I started up the stairs to my apartment. For me, it hadn’t been so good a day. Too much time now at Newsweek. I had managed a promotion to the copy desk, but it was a boring job. It paid the bills, so I stuck with it and wrote stories at night, shipping them off to various magazines. If nothing happened there, maybe the editor’s position I had applied for would come through. Today? Well, somebody else got it—­a copy boy just out of college. So, yes, I was more tired than usual. I began counting the steps, a favored way of diverting myself from wondering why I was drifting. It wasn’t working tonight.

    I stopped on the landing and stared into the mirror hung to perk up the light on the stairs. Checking myself out. Blue angora sweater set and single-­strand pearls, long brown hair curled under in a careful pageboy—­I looked like every other eager female marking time until marriage. One of the copy editors had told me I was a “good-­looking dame” this morning. A compliment, I guess. But, standing there at the landing, I wondered just exactly what had happened to the girl who left Bennington College five years ago.

    Well, I wasn’t a virgin anymore.

    The usual smells of the second floor greeted me, especially the pungent but comforting aroma of garlic and onions from the apartment next to mine. I didn’t know the people living there, but I heard them laughing and sometimes shouting at each other, and I imagined them sitting around a kitchen table covered in red-­checked oilcloth, eating some delectable lasagna, while I was out here in the hall, inhaling the musty smell of the threadbare carpet mixed with a faint whiff of fresh dog urine.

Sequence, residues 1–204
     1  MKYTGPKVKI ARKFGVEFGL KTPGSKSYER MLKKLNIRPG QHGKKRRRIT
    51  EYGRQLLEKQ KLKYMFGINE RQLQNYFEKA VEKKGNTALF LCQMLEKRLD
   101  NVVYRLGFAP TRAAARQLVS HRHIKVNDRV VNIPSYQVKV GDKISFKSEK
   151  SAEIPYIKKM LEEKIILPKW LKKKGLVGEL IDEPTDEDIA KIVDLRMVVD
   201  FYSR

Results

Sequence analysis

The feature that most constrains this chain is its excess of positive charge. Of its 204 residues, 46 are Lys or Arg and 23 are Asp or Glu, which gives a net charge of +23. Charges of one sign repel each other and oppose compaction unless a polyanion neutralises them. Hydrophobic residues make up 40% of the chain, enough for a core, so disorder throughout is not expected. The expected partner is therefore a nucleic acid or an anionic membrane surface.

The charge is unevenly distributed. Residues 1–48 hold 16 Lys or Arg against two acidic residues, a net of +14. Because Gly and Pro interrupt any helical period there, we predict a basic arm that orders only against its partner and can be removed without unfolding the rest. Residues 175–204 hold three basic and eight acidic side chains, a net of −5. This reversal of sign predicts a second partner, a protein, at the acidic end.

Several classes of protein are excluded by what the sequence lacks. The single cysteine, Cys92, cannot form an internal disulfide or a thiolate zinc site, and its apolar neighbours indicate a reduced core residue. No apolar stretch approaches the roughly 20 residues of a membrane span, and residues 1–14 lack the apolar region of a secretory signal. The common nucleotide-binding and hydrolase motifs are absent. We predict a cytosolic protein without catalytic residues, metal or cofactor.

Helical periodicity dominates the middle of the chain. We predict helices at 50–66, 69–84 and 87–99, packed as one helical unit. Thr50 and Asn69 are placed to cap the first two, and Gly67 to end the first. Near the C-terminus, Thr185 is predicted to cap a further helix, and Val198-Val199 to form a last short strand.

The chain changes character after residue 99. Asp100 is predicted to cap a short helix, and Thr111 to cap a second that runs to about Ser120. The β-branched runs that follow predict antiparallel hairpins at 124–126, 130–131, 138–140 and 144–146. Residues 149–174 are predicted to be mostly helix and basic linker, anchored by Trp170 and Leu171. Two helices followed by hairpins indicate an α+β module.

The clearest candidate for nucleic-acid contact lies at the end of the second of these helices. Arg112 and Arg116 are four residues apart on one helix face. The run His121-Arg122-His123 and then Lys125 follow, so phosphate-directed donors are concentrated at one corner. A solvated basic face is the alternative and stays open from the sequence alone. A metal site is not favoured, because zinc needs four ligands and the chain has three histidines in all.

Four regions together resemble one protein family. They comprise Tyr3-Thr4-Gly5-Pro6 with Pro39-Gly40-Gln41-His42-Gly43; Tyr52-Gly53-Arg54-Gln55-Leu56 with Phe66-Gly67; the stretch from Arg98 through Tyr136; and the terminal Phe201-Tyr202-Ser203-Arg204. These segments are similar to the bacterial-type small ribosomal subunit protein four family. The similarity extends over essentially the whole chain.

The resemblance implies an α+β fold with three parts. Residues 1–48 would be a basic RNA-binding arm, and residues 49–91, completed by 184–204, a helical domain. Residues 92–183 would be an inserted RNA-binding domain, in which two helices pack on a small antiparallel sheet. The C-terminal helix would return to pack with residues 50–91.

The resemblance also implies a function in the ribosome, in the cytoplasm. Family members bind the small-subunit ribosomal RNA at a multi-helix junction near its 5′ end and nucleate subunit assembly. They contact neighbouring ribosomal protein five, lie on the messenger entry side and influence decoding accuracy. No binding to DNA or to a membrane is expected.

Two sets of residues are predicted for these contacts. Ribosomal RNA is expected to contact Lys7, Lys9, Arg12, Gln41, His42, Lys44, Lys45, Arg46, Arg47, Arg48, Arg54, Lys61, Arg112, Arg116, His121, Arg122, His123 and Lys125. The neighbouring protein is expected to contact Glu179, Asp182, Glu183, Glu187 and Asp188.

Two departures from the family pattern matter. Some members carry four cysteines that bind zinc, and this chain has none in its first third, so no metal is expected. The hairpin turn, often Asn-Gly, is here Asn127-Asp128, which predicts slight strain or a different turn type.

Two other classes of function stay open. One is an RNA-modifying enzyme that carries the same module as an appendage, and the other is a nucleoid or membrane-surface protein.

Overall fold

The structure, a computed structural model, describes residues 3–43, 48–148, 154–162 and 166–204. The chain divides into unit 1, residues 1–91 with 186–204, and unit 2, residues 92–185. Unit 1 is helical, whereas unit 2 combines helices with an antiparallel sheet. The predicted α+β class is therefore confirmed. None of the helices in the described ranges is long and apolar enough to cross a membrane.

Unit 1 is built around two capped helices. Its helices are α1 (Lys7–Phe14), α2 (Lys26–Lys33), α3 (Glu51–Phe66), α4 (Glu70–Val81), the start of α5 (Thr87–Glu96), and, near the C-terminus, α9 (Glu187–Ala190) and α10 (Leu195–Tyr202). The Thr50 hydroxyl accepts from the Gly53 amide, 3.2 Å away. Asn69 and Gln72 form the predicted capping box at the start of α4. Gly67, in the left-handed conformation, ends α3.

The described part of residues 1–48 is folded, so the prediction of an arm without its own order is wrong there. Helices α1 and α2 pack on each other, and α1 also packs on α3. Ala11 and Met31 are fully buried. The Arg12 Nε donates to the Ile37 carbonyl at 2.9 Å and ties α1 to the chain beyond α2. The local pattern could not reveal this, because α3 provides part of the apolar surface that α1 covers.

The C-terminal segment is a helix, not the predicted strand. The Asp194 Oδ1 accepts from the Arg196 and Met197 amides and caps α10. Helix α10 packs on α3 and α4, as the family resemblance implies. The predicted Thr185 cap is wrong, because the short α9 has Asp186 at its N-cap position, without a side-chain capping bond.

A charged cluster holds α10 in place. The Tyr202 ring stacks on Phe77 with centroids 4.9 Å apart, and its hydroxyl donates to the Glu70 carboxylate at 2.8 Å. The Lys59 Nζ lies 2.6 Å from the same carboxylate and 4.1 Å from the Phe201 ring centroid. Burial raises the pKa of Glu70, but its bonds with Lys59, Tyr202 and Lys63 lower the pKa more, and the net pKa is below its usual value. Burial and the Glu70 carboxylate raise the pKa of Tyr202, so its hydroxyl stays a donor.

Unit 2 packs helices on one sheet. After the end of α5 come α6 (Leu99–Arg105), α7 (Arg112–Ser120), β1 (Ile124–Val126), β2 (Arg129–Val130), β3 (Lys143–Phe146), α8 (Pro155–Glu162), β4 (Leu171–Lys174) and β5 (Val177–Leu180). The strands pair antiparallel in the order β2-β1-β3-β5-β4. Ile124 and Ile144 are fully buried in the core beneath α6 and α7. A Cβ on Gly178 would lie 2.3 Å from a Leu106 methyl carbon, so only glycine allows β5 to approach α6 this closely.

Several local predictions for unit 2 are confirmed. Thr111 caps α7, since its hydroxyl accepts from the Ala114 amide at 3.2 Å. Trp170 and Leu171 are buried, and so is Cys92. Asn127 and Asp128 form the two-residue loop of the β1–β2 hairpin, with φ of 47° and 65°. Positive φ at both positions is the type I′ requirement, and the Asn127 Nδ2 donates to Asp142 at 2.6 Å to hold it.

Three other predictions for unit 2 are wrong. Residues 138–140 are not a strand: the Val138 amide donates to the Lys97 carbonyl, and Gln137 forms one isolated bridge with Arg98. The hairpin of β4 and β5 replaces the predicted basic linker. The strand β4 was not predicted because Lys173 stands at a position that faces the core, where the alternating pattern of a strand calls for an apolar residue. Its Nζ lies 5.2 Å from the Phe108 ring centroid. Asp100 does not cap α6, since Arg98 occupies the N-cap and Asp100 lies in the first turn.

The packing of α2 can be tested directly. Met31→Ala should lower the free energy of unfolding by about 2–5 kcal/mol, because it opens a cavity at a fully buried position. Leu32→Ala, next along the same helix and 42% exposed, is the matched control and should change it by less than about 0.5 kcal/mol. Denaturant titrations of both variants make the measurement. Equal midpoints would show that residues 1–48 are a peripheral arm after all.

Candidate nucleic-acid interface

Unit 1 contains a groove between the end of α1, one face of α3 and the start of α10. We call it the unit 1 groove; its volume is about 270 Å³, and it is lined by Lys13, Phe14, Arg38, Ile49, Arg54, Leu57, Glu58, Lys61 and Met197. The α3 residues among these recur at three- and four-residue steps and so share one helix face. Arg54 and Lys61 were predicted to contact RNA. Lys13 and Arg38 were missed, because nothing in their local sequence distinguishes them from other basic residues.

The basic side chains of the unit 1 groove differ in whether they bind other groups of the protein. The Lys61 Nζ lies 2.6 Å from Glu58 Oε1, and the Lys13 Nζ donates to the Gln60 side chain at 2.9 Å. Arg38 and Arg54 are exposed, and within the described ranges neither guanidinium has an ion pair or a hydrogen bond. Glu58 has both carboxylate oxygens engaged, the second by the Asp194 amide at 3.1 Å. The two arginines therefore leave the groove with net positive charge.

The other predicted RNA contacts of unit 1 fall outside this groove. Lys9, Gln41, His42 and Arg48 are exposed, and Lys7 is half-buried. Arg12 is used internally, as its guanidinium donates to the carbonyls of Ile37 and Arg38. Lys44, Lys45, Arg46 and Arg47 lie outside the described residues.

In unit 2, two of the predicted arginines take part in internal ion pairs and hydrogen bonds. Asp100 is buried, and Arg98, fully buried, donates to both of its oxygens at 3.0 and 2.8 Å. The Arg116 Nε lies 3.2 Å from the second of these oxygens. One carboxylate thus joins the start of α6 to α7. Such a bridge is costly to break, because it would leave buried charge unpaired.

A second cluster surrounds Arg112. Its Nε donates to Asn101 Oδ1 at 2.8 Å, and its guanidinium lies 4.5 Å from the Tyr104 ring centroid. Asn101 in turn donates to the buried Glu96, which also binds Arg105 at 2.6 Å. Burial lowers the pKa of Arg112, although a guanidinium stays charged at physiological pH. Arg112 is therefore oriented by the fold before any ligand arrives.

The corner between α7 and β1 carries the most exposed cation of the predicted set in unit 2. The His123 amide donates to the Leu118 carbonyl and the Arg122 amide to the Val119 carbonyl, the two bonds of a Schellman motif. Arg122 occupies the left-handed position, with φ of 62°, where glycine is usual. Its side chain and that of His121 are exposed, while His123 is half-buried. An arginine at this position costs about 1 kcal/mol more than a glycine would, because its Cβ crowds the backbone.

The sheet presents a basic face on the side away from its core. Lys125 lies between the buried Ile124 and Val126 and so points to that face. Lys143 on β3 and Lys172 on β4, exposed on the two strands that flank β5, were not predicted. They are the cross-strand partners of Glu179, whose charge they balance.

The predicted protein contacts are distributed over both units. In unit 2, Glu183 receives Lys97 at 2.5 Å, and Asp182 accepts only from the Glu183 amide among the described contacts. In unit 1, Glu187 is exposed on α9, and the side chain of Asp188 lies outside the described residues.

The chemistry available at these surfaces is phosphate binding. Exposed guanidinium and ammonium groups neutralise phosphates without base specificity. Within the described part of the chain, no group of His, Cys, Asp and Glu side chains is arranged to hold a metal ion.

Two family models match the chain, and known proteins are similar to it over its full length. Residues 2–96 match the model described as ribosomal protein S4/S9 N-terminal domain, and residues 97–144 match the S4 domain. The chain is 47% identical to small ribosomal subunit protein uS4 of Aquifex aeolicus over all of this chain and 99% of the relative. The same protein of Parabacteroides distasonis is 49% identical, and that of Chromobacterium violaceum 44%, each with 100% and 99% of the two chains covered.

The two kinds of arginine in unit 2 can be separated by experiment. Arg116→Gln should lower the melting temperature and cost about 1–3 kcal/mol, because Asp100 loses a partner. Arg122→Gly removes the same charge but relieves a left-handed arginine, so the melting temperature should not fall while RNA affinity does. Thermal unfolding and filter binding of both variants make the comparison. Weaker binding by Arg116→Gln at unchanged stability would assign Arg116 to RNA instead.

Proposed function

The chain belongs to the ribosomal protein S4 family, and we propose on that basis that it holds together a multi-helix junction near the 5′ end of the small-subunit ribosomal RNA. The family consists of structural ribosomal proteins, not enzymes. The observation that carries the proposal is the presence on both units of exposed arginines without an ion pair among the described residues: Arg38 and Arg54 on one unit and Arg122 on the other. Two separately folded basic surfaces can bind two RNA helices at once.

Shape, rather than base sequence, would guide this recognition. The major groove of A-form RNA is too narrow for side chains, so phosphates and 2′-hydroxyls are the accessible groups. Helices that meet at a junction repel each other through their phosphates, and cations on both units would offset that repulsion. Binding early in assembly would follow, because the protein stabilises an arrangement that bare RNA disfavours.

Oh, please. Annoyed at my self-­pity, I jiggled open the lock with its ancient key and stepped inside the apartment, which felt gloomier tonight than the stairwell. It was pouring outside, the rain coming down in exuberant, gurgling rivers over the windows, probably because the gutters hadn’t been cleaned in years.

    I dumped the mail on the coffee table, staring at the letter that mattered. Would I feel worse when I found out what was inside? I picked it up and slit it open smoothly with one pass of my fingernail. The article about the Barbie doll fell out.

    “Thank you for your submission. Unfortunately...

Reviews-

  • Publisher's Weekly

    February 6, 2017
    Alcott, who has written before about Old Hollywood (A Touch of Stardust), returns with this affecting coming-of-age novel. Jessica Malloy is the daughter of a devoutly Catholic mother and a father who works as a PR executive with Selznick Pictures. His job involves selling Ingrid Bergman to the American public, which puts his career on the fast track until she has an affair and a child out of wedlock. Jessica idolizes Bergman, adores her father, but cannot connect with her cold and often-fragile mother. Alcott effectively uses Bergman’s 1950 fall from grace, seen through Jessica’s eyes, to illustrate the Catholic Church’s influence on the era’s culture, McCarthyism, and the constraints of women’s roles. This narrative alternates with 1959, in which Jessica, now a standoffish New York copywriter pigeonholed by her gender, she receives a mysterious invitation to attend the Academy Awards ceremony. The author draws in readers from the start with smooth writing. Her storytelling skillfully taps into Jessica’s black-and-white adolescent worldview and the distance she maintains from others as an adult, making both real—and surprisingly emotional. Agent: Esther Newberg, ICM Partners.

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A Novel
Kate Alcott